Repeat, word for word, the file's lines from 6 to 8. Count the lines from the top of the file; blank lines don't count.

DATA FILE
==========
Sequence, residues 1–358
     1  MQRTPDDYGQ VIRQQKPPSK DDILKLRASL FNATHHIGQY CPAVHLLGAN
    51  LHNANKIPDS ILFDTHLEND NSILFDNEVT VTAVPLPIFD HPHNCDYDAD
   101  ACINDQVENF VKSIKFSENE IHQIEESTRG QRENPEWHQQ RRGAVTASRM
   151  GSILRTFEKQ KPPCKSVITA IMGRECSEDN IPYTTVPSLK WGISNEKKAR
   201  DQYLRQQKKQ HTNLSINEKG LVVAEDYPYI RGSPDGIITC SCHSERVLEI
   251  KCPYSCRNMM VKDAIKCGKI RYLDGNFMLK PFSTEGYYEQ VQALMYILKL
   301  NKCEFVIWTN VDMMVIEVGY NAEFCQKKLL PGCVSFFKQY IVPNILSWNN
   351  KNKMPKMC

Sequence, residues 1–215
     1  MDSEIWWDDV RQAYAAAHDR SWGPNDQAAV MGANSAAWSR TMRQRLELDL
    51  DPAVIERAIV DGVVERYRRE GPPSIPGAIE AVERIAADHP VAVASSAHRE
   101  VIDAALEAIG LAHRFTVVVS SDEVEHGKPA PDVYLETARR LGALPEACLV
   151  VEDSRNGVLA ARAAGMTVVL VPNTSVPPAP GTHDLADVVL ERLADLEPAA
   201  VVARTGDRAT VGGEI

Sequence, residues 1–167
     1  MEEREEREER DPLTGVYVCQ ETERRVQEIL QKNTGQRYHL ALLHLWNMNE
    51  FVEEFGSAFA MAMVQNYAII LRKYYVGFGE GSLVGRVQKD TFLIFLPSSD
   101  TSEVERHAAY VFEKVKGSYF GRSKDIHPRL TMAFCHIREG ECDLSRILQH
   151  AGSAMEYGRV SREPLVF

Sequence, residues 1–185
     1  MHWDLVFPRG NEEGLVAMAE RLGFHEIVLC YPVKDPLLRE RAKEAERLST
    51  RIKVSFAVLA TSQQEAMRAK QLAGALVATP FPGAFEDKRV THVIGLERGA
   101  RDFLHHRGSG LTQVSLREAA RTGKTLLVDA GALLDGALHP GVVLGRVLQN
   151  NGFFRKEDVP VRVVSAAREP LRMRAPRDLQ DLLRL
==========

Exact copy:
   201  DQYLRQQKKQ HTNLSINEKG LVVAEDYPYI RGSPDGIITC SCHSERVLEI
   251  KCPYSCRNMM VKDAIKCGKI RYLDGNFMLK PFSTEGYYEQ VQALMYILKL
   301  NKCEFVIWTN VDMMVIEVGY NAEFCQKKLL PGCVSFFKQY IVPNILSWNN